Brexit 'biggest worry' for horse industry
Brexit is now the "biggest worry" facing the equestrian and horse racing industries in Ireland.
Experts warn that the sale and breeding of horses, as well as racing, is hugely reliant on integration between Ireland and the UK.
A major report today will explore the "challenges of Brexit for Irish Sport Horse Industry, an export-led rural Irish industry with an economic value of over €800m".
It will be launched by economist Jim Power, former TD Lucinda Creighton and Ronan Murphy, the CEO of Horse Sport Ireland.
"The challenges of Brexit, in whatever form it takes, will pose real challenges for this industry," it notes.
Speaking in advance of its publication, one of Ireland's most successful horse trainers, Jessica Harrington, spoke of her Brexit concerns.
"The worst possible thing you can think about is exporting horses with a hard Border. Do we want to go back to bad old days? No," Ms Harrington told the Irish Independent.
"We have millions of concerns but until we know if it's a hard or soft Border, we don't know what our difficulties will be. But one thing is certain, there will be major difficulties if there is a hard Border."
Ms Harrington recalls driving to Northern Ireland 40 years ago, at the height of the Troubles, and the conditions of operating between borders.
"Everything was more complex and time-consuming, having to get vet certs, clearances. I'd have to drive to Naas, Co Kildare, to go to the Department of Agriculture, then from there, to get all the papers and on up into the Border.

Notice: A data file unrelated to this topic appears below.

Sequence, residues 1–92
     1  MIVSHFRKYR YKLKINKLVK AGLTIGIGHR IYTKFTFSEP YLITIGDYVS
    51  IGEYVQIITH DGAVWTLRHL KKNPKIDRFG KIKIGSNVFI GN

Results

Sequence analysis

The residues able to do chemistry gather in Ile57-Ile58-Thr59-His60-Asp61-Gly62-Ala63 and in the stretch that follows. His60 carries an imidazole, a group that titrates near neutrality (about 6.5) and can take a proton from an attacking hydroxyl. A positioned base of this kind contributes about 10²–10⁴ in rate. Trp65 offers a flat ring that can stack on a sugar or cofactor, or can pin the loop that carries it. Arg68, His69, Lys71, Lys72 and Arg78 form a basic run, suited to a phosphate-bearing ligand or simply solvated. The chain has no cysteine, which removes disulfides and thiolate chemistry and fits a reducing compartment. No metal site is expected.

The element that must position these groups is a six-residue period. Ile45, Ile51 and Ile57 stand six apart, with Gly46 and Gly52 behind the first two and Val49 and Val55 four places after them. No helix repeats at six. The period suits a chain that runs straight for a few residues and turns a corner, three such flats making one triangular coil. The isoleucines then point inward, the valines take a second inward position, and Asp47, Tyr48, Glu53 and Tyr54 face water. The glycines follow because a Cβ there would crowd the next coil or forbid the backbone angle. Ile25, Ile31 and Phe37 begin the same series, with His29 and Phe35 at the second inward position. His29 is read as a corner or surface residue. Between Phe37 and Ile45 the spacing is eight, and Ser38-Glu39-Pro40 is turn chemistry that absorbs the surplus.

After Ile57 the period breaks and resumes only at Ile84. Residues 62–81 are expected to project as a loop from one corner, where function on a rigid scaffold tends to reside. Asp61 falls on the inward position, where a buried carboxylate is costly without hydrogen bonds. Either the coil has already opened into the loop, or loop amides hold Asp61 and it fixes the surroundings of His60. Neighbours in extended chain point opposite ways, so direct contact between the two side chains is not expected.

"I'd have to stop, get the papers stamped. You could be queuing for a long time and there's a lot more traffic on the road now.
"And you would have to repeat that whole process to go to England with horses. What will happen with a hard Border again?
"If the Irish industry sells horses to England, there will be customs implications, charges."
Brian Kavanagh, the CEO of Horse Racing Ireland (HRI), labelled Brexit "a huge worry, the biggest worry we are facing within this industry."
"The selling and breeding of horses is about the integration between Ireland and England and the way the horses move between the two countries," he added.
The Irish breeding and racing industry generates over €1.8bn and employs 29,000 - with many of those jobs in rural Ireland, according to a study by Deloitte, conducted on behalf of HRI.
Mr Kavanagh said the industry in Ireland is making submissions to the EU to allow for the freedom of movement for horses to continue beyond Brexit but he admitted a "no-deal Brexit would be a complete nightmare".